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Website tracks job history to weed out dishonest recruits

Published:Friday | July 24, 2015 | 12:17 PMTameka Gordon
A screen grab of the website.

A local businessman who created a website aimed at catching job recruits who lie about their work history or omit information on previous employment, has collated data on more than 400 people and is promoting it as a human resource tool for companies.

The site,, was founded four years ago by Patrick Walker who also operates an air conditioning company, Comfort Systems.

Walker said he developed the site "based on my frustration, disappointment and the expensive lessons I have learnt by employing persons who have not been truthful in the application process". It allows companies to upload termination notices when they fire employees as well as search a database to see other companies where the applicants may have worked.

"What it is saying is that the employee, in applying for a job, needs to be honest and say 'I was at so and so'. Do not leave it out because there must be a reason why you would not want that information to be known," Walker said. also collects termination notices published in the press over the years. It allows present and past employers to share information about employees, Walker said, to lessen the chances of hiring someone who is dishonest or who was fired for "unsavoury and suspicious reasons".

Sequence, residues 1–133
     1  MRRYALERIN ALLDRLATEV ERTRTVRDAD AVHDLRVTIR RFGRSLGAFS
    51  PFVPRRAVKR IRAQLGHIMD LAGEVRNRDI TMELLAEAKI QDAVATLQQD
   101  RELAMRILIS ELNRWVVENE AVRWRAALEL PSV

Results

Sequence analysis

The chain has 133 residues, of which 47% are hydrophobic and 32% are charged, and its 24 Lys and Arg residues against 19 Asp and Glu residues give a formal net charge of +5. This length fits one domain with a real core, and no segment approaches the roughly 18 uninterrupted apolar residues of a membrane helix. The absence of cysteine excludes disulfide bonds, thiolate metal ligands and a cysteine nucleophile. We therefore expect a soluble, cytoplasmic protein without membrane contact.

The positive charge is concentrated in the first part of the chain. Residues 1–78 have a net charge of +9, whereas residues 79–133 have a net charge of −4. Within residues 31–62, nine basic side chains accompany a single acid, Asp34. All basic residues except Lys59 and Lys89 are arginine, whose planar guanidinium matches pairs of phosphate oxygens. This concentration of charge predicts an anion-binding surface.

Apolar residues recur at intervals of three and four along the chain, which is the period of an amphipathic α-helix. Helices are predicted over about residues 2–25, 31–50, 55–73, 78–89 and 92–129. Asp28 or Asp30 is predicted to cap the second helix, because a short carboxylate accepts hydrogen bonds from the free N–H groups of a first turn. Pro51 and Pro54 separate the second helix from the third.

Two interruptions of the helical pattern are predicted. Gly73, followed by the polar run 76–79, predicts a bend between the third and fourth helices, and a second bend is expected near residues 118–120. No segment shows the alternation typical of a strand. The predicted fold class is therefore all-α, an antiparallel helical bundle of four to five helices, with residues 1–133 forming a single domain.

"Persons who have been dishonest in their workplace, many of them, when they apply for a job, they just leave out that employment record. I have spoken to a lot of employers who welcome it," he said of the site.

The name, he said, suggests companies would have found the best fit or the 'final worker' for the job after doing proper background checks.

Job matching

On the other hand, job seekers can upload their resumes, as the site also allows job matching.

Walker said he and another partner have poured roughly $100,000 in the online service.

To date, some 284 companies have registered with the site with 261 of those entering data on persons they no longer employ, Walker said. It has data on 457 people who have been separated from their companies, while some 657 job seekers have registered.

"It is intended to bring some discipline to the employees. They have to understand that you just can't just get up and walk off peoples' jobs and then hide the information because you don't want the new employer to find out," Walker said.

He insisted that employees are not being placed at a disadvantage, but simply allows the employer to do a background check on individuals before taking them on for jobs.

The businessman also believes that the labour laws tend to work more in the favour of workers than companies, and that his website brings balance to the relationship.

"It's not a balanced arrangement with the labour laws. It does give both persons the option for taking the matter to court but the employee knows that the employer is unlikely to go to court to get them to honour their side of the agreement. So, it's to bring some sort of balance to the system and some sort of responsible behaviour on the part of the employee that you can't do things that hurt your company and walk away," Walker said.